Analysis of the Qualitative Data

The analysis of interview transcriptions followed the guidelines described by Miles and Huberman (1994) and Bogdan and Taylor (1975). The researcher reviewed the material systematically while remaining open to emerging themes. For instance, some categories such as “majors” and “support from church” emerged as the researchers grew more familiar with the local context, while some preset categories such as “education” and “personality” were discarded when tested against the extant data. The specific procedures used were described as below:

  • 1. Data reduction and the creation of categories for analysis. Taking data to be coded by preset categories, and going through all data and sorting it into categories. Miles and Huberman (1994) suggested that categories should be defined before collecting data; the instrument should be developed in advance and have a structure or design set before being used in the field. Following Miles and Huberman’s (1994) approach, the researcher had Berry’s stress-coping framework in mind and defined the categories before starting the study. When coding, the researcher tried to find the links between the codes and merged them into preset categories.
  • 2. Rereading the data set and sorting the categories into broader themes, while remaining open to new analytic categories. Provisional themes were drawn from all of the data. Just as Bogdan and Taylor (1975) suggested, the themes and patterns that emerge were analyzed to discover the shared meanings and to see if certain themes ran through the experiences of all interviewees.
  • 3. Representation and presentation of the data. This is the development of some sort of display for organizing the data. Data display refers to the systematic visualization or presentation of the data.
  • 4. Verification. For the verification, various methods were applied such as participant check, peer check, and audit trail (see the result and trace back to the original data to see if it makes sense).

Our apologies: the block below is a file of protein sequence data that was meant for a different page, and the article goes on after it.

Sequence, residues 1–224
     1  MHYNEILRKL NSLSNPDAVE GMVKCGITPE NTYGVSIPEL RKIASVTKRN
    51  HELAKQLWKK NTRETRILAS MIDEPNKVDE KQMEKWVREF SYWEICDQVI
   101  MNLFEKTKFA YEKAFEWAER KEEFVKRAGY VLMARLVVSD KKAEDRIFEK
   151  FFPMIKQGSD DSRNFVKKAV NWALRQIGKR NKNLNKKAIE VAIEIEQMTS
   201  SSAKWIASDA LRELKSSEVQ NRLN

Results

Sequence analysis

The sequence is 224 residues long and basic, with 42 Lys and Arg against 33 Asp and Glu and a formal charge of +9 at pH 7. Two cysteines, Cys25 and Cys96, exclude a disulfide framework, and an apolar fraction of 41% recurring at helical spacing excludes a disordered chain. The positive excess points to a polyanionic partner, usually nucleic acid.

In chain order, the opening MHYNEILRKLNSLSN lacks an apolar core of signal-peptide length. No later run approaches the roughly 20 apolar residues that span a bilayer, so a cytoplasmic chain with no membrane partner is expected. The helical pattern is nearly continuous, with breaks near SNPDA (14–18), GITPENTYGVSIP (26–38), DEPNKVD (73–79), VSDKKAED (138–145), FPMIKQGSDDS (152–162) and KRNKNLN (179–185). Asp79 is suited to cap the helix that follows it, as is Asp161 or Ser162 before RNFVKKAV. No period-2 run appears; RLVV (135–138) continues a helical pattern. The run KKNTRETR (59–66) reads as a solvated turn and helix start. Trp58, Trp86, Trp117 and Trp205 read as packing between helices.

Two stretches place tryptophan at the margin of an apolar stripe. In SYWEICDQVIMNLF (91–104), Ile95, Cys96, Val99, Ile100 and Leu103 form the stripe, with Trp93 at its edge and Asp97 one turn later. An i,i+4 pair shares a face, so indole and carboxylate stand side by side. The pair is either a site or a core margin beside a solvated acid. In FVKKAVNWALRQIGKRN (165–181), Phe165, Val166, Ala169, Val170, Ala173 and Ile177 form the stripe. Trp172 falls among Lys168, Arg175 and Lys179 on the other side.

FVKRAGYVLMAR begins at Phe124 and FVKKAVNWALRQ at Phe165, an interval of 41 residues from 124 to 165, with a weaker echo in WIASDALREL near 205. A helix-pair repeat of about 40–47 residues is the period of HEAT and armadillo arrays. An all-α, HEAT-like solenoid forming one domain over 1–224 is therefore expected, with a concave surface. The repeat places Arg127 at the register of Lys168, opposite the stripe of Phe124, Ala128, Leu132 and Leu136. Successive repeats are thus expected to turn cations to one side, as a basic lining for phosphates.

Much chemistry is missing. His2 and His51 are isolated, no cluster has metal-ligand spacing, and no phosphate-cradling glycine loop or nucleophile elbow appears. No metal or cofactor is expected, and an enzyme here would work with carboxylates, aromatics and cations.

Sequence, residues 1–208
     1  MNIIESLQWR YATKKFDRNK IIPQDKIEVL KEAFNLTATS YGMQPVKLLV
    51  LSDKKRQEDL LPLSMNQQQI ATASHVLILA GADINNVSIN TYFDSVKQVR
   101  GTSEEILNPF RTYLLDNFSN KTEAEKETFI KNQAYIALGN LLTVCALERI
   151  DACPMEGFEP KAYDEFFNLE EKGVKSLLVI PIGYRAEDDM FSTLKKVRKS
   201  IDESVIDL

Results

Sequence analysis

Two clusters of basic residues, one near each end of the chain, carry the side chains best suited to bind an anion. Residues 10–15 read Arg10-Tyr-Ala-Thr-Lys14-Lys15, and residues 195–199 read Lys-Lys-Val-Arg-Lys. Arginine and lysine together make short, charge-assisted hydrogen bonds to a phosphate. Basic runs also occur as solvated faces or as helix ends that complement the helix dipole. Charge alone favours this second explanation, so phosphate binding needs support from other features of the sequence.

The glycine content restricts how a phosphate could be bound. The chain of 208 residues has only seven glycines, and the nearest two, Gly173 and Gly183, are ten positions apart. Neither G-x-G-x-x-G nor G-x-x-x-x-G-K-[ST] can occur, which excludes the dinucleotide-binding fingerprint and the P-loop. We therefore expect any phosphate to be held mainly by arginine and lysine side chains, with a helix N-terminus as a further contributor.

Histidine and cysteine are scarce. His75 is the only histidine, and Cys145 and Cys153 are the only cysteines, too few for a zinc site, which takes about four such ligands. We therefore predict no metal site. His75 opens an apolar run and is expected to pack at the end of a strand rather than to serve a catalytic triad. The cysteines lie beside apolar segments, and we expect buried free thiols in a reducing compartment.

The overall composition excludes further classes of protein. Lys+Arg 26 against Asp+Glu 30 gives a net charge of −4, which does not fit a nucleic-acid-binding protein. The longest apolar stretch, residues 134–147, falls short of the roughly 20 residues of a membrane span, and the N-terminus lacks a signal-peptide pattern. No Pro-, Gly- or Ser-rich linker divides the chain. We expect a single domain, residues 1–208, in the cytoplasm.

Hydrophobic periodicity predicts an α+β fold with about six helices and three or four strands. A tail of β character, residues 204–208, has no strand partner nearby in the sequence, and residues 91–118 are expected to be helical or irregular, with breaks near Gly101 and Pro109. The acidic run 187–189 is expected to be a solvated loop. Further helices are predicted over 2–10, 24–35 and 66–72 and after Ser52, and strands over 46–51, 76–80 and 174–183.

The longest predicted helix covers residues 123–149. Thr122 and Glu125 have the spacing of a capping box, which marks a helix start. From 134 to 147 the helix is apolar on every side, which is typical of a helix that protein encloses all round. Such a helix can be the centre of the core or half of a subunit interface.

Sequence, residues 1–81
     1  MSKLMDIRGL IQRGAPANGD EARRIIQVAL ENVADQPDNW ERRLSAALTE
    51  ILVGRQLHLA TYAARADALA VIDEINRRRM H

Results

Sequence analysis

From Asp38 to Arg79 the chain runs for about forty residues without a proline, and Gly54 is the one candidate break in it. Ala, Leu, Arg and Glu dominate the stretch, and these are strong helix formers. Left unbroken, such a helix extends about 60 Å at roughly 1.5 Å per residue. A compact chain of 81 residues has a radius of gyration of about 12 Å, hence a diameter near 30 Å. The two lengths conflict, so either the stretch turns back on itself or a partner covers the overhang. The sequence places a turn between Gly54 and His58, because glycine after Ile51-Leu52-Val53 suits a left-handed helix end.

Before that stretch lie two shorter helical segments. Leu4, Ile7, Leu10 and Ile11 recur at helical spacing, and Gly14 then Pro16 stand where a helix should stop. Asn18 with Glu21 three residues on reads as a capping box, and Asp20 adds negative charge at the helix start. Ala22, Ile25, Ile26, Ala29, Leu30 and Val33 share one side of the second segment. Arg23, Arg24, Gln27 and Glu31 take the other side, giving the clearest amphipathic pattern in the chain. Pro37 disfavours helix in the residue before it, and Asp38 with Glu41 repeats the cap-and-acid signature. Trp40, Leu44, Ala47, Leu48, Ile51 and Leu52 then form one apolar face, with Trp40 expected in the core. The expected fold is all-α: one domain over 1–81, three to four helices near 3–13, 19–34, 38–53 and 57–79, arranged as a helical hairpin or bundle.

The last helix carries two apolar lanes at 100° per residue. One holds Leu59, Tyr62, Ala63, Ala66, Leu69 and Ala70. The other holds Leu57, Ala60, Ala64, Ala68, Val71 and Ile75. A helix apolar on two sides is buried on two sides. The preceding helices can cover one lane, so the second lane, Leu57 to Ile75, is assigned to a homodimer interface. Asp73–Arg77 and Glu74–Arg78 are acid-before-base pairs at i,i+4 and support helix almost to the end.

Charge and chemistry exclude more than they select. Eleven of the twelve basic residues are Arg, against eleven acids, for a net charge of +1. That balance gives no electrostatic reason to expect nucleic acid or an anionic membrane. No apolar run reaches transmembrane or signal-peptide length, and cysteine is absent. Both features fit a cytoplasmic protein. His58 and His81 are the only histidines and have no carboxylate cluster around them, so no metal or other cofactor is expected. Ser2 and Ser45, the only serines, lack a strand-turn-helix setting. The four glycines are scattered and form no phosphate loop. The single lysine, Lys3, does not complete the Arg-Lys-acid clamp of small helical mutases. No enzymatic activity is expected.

• 5. The analysis of interview transcriptions followed the guidelines described by Miles and Huberman (1994). Miles and Huberman (1994) suggested that categories should be defined before collecting data; the instrument should be developed in advance and have a structure or design set before being used in the field. When coding, the researchers tried to find the links between the codes and merged them into preset categories. In addition, the researchers reviewed the data systematically while remaining open to the following emerging themes and categories: (1) data reduction and the creation of categories for analysis; (2) rereading the data set and sorting the categories into broader themes, while remaining open to new analytic categories; (3) representation and presentation of the data; and (4) verification through methods such as a participant check, peer check, and use of an audit trail.

Ethical Considerations

For ethical consideration, no subjects were forced into participation. Participation in this study was voluntary and strictly confidential. Subjects were given enough information about the nature of this research to decide whether they want to participate. Subjects were told that their participation was voluntary and that they were free to choose not participate or to withdraw from the study at any time.

In order to protect the privacy of each subject, the content of each individual interview was withheld from the other participants. The researcher transcribed the interview data verbatim, and all interview transcriptions were prepared only by the researcher. All data (taped interviews) were kept in a locked filing cabinet in my office. I retained the data only for the length of time it takes to transcribe, code, and analyze, but no later than May 31, 2009. After that date, the tapes were erased.

 
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